Just imagine standing at the foot of an ancient path, carved by the Inca civilization centuries ago. You’re surrounded by the Peruvian Andes, with the promise of Machu Picchu waiting at the end of your trek.

This is a journey steeped in history, a trek that takes you through stunning landscapes and ancient ruins.

If you’re used to solo hiking, the idea of trekking in a group may seem a little off-putting. But trust me, it’s a great experience. Your guide isn’t just there to lead the way; they’re your personal storyteller, your historian.

Are there toilets on the trail?

The Inca Trail has some toilets along the way, but not many. The camps have toilets, and a few stops do as well. They won’t be very clean, though.

For the rest, you can expect the famous Inca toilets. The way the Incas used to do it. In a bush.

How cold does it get on the Inca Trail?

Very. If you’re unlucky, you’ll get some very low temperatures. But usually, it doesn’t get freezing cold. Make sure you have some layers ready to wear in the evenings and mornings.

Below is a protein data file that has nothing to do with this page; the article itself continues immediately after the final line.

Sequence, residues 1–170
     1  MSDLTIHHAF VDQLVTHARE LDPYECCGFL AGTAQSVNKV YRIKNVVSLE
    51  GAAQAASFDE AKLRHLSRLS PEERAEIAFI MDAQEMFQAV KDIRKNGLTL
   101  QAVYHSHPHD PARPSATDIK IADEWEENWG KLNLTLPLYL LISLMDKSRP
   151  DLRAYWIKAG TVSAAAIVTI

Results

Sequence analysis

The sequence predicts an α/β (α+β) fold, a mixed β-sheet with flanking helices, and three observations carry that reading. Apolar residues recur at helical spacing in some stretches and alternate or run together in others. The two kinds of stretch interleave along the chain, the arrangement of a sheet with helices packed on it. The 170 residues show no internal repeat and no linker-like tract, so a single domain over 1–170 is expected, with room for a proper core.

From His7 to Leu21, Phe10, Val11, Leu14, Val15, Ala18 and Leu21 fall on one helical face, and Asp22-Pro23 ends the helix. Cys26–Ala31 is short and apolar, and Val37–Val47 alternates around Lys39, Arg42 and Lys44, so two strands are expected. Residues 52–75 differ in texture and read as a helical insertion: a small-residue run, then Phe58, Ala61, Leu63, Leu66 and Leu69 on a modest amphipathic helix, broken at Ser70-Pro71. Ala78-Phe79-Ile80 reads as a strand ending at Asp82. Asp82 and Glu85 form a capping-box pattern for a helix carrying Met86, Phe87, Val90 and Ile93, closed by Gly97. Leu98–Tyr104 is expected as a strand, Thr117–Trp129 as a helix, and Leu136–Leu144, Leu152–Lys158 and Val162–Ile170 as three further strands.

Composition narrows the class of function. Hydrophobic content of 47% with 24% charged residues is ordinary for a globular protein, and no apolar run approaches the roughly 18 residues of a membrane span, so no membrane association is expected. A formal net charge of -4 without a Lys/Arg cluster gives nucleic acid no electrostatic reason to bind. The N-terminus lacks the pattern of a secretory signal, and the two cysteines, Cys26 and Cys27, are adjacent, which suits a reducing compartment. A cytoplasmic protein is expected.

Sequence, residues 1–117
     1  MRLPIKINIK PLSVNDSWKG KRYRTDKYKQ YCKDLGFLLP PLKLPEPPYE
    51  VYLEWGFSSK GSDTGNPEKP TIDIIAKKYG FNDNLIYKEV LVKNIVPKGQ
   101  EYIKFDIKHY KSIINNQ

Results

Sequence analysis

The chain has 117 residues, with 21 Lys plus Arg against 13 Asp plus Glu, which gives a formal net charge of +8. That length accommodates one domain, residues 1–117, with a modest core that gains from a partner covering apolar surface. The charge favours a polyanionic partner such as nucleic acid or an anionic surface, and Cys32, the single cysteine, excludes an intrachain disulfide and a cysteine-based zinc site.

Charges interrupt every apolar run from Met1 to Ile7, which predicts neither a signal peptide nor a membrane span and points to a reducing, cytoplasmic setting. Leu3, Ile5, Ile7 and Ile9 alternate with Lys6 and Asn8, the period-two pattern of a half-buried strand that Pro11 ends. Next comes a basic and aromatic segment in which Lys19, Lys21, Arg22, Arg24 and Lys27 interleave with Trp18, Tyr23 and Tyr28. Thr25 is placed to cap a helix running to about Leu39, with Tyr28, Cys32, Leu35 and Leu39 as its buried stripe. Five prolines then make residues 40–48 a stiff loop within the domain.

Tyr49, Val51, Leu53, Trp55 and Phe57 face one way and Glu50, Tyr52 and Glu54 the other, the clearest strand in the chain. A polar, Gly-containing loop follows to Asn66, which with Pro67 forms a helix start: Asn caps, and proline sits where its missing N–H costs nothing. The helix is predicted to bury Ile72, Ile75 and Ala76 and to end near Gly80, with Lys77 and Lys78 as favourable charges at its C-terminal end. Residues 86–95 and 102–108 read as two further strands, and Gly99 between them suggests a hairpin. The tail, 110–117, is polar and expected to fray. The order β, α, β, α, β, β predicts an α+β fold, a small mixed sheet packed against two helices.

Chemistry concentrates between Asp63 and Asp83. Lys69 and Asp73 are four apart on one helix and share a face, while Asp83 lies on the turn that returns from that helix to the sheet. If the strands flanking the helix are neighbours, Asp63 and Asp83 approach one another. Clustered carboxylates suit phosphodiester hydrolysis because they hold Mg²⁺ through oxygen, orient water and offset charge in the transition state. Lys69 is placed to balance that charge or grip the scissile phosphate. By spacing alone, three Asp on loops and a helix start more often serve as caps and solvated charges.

Is Machu Picchu a hard hike?

It’s somewhat hard, yes. But if you’re not too unfit, you’ll be fine. You hike at your own pace, no matter how fast – or slow that is. There will be a guide in front and behind the group, so nobody will fall behind.

But let’s be honest. It’s challenging. But it’ll be an experience. So it will be something you won’t ever forget. Don’t let the difficulty stop you, unless you’ve got some health problems.

Why is it called Dead Woman’s Pass?

It sounds a bit eerie. But other than the altitude, it really isn’t. It’s got nothing to do with anyone dying. The mountain pass, once you’re over it, looks like a woman lying on her back. And since she never moves, surely she must be dead? It does sound a bit better than “Woman Laying on her Back’s Pass”.


Preparing For The Inca Trail

I hope you’ve now decided to go on the adventure of a lifetime. Let’s discuss the preparations.

What do I need to take in my day pack?

Anything you want to use during the day. This will be water, your camera, toilet paper, and all the layers you take off during the day. The porters will carry the rest. So your daypack won’t be heavy at all!

Do I need technical Trekking skills for the Inca Trail Trek?

No. Some people prefer using hiking poles though. The Inca Trail is paved all the way, and although it’s a bit wobbly sometimes, it’s very doable. The porters and guides will carry your stuff, so no other skills than a bit of hiking are required.

Is Physical Condition an Important Factor On The Inca Trail?

It is, but not as much as people think. Unless you’ve got medical problems, physical problems, or are REALLY unfit (think: out of breath after walking for a few minutes), you’ll be fine. You decide your own pace!